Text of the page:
Saturday, July 28, 2012

Seeking Apologia

The Christian faith has a long history of apologetics. Many turning points in the history of the church occurred with the publication of various martyr’s apologetic. We do not often hear these arguments today. Despite profound differences in theology between and within denominations, the foundation of the Christian faith remains fairly settled and people are rarely challenged to prove or defend that they are Christian.

I would like to see more genuine political apologetics. Over the last decade as both dominant political parties have staked out more extreme positions, little genuine discourse has been offered to justify the radical and fringe views other than that the view proves the greatest distinction that can be drawn to the stance of the other party. Rather than offer reasoned discussion, political debate quickly deteriorates to name calling vilification. We diminish the value of any idea different from one’s own by diminishing the person proposing it to a label. Calling that person a [insert favorite insulting epithet here] eliminates consideration of the idea no matter how worthy. Instead of reasoned dialogue, emotional vitriol dominates political theatre. Facts are inconveniently boring. Unfounded fear mongering is convenient drama.

As each side has migrated to its own pole, libraries have been composed regarding policy and position from each side. None of the books I have read (or scanned) reaches the depth of insight I believe achieves apologias. Most serve to further the distrust of the other side or to extend the author’s fifteen minutes and offer nothing of substance. I sometimes wonder if party leaders understand how to communicate core beliefs and let them stand along without placing different (not even necessarily opposing) ideas in a threatening context.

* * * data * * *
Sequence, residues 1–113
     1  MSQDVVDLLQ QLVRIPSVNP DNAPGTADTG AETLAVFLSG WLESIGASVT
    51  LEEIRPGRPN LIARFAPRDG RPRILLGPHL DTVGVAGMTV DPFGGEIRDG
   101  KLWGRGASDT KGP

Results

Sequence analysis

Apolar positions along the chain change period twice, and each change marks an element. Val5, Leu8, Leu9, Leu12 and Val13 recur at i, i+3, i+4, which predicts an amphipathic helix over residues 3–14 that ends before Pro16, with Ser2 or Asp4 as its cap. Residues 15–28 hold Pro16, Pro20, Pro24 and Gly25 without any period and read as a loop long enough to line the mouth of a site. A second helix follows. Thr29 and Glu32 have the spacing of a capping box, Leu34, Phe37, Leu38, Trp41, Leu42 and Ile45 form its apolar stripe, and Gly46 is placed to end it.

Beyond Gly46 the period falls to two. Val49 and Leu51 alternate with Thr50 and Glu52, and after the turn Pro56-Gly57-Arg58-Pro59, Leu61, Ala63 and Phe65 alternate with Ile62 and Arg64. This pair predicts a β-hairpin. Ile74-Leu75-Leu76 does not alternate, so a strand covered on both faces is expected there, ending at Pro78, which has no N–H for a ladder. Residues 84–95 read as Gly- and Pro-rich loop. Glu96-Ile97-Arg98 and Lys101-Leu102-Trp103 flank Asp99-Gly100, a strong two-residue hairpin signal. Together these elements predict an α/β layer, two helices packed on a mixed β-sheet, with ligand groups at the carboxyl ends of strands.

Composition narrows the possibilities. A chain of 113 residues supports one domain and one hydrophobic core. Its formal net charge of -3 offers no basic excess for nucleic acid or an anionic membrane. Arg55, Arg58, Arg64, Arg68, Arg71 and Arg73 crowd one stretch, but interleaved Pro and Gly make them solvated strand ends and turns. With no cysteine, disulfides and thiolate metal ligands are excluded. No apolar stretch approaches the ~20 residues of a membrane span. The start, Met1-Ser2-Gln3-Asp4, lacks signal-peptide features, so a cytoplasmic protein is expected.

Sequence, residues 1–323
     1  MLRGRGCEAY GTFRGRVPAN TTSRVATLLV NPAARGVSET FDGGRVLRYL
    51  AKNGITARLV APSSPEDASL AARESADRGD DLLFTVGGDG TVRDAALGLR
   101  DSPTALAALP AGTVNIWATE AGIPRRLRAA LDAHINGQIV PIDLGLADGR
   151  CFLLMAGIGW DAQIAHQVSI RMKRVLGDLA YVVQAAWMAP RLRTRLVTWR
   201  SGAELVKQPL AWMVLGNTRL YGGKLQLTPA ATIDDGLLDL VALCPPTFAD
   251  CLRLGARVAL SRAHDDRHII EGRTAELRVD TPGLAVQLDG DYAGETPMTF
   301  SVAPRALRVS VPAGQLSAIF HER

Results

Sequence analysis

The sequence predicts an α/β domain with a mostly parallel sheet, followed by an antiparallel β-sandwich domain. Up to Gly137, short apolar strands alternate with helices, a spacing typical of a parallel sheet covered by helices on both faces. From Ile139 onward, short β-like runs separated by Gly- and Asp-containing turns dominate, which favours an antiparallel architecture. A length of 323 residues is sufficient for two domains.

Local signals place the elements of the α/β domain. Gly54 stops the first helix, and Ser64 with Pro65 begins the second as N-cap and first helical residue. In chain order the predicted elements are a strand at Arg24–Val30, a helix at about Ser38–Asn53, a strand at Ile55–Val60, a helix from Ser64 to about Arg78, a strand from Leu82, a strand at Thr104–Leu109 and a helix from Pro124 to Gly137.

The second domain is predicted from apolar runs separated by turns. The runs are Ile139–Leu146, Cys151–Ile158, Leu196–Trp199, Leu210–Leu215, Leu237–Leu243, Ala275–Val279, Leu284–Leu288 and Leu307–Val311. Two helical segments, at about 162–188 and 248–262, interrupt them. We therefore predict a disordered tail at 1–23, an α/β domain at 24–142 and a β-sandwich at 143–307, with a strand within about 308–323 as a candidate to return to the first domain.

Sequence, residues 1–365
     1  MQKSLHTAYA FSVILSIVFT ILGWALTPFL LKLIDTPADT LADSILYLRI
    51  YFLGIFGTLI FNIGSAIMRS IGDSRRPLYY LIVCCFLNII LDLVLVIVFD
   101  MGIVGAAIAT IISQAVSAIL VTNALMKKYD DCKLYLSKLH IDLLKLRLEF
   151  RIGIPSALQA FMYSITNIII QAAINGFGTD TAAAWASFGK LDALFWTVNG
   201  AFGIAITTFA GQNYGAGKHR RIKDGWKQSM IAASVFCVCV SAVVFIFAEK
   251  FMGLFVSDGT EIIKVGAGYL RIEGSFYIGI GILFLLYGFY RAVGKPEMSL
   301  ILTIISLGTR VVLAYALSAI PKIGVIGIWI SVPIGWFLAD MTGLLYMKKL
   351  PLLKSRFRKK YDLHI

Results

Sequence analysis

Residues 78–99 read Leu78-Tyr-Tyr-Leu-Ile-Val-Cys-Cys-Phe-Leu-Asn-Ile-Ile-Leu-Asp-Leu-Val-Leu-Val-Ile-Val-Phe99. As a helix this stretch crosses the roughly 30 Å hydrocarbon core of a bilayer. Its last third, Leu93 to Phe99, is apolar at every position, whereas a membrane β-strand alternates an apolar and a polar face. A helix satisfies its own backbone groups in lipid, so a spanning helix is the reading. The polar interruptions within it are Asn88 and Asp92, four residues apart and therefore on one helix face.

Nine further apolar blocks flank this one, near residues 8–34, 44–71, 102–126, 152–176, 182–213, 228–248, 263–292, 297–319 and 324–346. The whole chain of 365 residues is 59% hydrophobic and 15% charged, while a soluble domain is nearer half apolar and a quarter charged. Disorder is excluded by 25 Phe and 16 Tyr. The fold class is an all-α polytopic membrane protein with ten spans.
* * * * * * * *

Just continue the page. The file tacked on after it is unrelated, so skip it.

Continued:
Strategies that rely on destruction of opposition make me question the vitality of any idea that it cannot stand alone. In the natural world, the weak and wounded are culled (usually by becoming lunch for the strong). We should be demanding ideas that thrive on their own merits without relying on debasement of any competing concept. Present an idea. Tell my why it is good. Trust that I can determine what idea works best.

Sometimes when we listen and debate the merits and not the fear-factor, we find that some combination of competing ideas creates the optimum solution. Rarely does “either-or” offer an option better than “both-and” or some combination of features of each. The use of fear to manipulate discussion to the emotional level only serves to isolate and divide. Forcing thought into the amygdala instead of the cerebral cortex eliminates any chance for problem solving or solution focused thinking.

I fear too many of the current leaders have worked themselves into intractable positions with no vision of how to work themselves out. The simplistic answer is to throw them all out and demand better. The realistic answer is for the moderate-middle to rise up and force those we have elected. We must demand clarity and action from our leaders. Demand that they adopt the apologias and clearly delineate their ideas, argue merit, and use facts to win the debate. Together we can have the best.

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